Race to be deputy governor of Bank of England 'still open'

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The Independent Online

The two-horse race to succeed Rachel Lomax as deputy governor of the Bank of England remains open, Treasury insiders insisted last night, despite suggestions that the Chancellor now feels compelled to appoint Charlie Bean, the Governor's favoured candidate, in order to ease growing tensions with the Bank.

Mr Bean, currently the Bank's chief economist, is Mervyn King's first choice to succeed Ms Lomax, who is due to step down from the role on 30 June. However, Alistair Darling is a supporter of Paul Tucker, the Bank's executive director for markets, who the Treasury believes is better equipped to focus on the central bank's responsibilities for maintaining financial stability.

Both the Bank of England and the Treasury said yesterday that no final decision had been taken on the appointment, despite rep-orts over the weekend that Mr Darling had decided to appoint Mr Bean as a way of easing tensions with Mr King after angering Bank officials with proposals last week to appoint a group of experts who would advise the Governor on financial stability.

The Chancellor is set to make the appointment within days, with his speech at the annual Mansion House dinner a week on Wednesday seen as the latest possible moment for announcing the decision.

However, the continued delay in unveiling a new deputy governor will fan the flames of a rift between the Treasury and the Bank. One official at the Bank of England yesterday described Mr Darling's proposals for an expert committee on financial stability as "a bit odd", and the move took Mr King by surprise when it was unveiled in the House of Commons. Nevertheless, Mr Darling's advisers said yesterday that the Chancellor's focus was on improving the Bank's financial stability operations in the wake of the collapse last year of Northern Rock, for which the central bank has been widely criticised. "He wants to strengthen financial stability, though he wouldn't undermine monetary policy either," one insider said.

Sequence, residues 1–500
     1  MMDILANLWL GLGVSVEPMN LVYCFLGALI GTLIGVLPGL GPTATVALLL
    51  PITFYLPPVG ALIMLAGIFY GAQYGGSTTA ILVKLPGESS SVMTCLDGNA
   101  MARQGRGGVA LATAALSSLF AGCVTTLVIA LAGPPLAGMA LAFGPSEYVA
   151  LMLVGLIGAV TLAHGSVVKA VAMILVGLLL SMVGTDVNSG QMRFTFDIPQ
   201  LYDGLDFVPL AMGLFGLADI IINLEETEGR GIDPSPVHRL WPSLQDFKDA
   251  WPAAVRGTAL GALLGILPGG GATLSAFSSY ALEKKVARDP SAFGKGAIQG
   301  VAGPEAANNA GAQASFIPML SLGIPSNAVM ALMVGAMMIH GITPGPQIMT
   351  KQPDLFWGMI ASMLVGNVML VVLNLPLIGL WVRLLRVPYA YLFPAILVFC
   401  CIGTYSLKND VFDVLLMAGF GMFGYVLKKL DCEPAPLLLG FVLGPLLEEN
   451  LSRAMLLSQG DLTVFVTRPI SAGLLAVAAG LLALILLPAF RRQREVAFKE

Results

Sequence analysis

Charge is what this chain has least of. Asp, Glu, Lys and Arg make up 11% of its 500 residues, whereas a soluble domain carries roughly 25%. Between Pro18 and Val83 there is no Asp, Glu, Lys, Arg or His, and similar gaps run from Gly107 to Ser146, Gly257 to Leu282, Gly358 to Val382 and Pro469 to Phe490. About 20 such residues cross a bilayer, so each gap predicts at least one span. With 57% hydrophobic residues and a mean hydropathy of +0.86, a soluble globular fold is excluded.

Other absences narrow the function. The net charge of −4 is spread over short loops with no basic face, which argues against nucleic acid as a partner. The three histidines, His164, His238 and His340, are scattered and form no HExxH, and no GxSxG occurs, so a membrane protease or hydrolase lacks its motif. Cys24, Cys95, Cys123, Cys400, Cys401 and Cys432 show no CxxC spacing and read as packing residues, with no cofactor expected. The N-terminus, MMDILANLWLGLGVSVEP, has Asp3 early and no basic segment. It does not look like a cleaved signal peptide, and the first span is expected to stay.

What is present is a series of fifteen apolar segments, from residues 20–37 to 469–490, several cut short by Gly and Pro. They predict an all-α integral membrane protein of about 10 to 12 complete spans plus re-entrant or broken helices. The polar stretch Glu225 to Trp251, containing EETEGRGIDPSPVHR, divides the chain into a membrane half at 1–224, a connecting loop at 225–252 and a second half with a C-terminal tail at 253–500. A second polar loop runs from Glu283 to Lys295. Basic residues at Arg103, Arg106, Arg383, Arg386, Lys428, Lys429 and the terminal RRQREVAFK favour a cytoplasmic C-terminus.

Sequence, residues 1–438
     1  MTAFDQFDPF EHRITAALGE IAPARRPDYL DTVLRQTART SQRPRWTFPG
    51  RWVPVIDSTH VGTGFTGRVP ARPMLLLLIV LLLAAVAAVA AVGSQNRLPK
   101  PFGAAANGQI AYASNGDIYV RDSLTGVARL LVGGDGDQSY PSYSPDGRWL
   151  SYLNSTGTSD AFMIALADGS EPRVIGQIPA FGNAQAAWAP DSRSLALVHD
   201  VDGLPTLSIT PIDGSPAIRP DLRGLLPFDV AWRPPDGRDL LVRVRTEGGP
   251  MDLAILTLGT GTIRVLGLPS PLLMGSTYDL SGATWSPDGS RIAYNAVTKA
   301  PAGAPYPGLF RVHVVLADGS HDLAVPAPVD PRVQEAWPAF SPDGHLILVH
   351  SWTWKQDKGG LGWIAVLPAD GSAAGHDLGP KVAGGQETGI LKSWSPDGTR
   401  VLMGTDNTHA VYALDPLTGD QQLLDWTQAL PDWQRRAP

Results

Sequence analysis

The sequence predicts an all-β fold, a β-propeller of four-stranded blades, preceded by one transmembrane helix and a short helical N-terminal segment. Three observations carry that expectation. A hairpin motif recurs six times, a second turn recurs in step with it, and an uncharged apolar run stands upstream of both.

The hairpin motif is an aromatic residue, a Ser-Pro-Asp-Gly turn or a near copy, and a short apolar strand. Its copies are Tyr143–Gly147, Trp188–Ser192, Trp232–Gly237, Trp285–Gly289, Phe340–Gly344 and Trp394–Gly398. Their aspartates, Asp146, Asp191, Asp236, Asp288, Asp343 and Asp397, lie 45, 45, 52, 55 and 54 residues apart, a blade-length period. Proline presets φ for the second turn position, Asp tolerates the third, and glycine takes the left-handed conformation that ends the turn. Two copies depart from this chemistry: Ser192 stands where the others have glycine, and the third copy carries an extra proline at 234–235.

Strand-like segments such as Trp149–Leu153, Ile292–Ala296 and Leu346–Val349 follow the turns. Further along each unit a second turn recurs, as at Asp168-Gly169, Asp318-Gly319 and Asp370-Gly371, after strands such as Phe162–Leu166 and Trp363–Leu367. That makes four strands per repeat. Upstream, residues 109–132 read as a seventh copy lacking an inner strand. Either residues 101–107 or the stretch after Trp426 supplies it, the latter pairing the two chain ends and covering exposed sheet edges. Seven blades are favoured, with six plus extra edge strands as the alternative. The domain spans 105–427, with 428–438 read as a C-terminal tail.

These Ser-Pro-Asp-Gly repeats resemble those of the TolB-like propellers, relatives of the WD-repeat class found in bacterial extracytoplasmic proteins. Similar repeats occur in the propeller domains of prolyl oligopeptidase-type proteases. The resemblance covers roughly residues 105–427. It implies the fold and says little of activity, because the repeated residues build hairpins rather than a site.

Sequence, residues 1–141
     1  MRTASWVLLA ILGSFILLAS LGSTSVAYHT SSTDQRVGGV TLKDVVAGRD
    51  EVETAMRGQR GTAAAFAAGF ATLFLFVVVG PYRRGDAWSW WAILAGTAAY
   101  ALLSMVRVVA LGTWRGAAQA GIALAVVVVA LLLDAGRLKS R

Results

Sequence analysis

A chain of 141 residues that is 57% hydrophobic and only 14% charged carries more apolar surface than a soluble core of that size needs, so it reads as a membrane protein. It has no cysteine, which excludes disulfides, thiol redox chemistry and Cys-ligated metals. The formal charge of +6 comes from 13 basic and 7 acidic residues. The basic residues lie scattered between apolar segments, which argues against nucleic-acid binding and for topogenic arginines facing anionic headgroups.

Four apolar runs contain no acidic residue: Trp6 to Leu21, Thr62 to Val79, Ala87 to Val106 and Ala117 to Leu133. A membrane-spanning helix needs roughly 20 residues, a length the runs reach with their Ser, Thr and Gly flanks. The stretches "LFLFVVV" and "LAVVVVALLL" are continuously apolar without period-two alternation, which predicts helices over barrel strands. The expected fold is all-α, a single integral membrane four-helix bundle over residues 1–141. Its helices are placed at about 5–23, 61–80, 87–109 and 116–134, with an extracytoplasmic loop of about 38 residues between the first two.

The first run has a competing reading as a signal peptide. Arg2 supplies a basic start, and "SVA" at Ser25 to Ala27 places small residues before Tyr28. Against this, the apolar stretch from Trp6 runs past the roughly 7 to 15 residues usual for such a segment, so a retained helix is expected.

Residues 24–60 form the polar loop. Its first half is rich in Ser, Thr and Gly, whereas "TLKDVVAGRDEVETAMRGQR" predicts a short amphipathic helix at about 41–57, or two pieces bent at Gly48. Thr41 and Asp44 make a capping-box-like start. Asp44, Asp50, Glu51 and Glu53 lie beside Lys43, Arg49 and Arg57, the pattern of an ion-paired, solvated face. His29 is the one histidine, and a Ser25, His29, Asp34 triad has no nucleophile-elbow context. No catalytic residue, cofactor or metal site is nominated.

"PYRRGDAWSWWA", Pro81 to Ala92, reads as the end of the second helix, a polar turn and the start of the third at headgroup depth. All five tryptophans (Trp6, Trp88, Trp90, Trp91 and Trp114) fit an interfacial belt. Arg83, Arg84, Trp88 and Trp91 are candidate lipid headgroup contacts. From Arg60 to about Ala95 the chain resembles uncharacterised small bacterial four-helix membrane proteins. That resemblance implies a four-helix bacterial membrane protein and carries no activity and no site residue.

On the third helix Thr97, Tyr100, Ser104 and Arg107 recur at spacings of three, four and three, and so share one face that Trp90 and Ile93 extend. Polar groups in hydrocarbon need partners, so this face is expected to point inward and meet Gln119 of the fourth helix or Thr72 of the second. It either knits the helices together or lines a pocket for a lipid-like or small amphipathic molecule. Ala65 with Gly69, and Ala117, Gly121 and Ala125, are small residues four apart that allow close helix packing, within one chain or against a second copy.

Both the Bank and the Treasury are believed to have agreed that calls from some parts of the City for the appointment of an external candidate with heavyweight banking experience should be ignored. The appointment of a Bank of England outsider would have enraged Mr King, though rejecting this option will do little to endear the Chancellor to banking executives.

Mr Darling is expected to brief the banking industry on his plans for financial regulation at a meeting with senior executives on Thursday. The briefing will include further details of the financial stability committee, which will include senior members of the banking community, which may help to ease City concerns over the deputy governorship.

While the meeting may also cover growing concerns about the competitiveness of the City of London compared with rival financial centres, Mr Darling hopes his appointment of an advisory committee on the taxation of multinational businesses will go some way towards appeasing his critics. This group is due to hold its first meeting today.

The Chancellor is also expected to receive within days an initial report from Sir James Crosbie on the effects of the credit crisis on the mortgage market. Sir James is trying to address the question of how mortgage providers can be persuaded to begin lending more freely once again.

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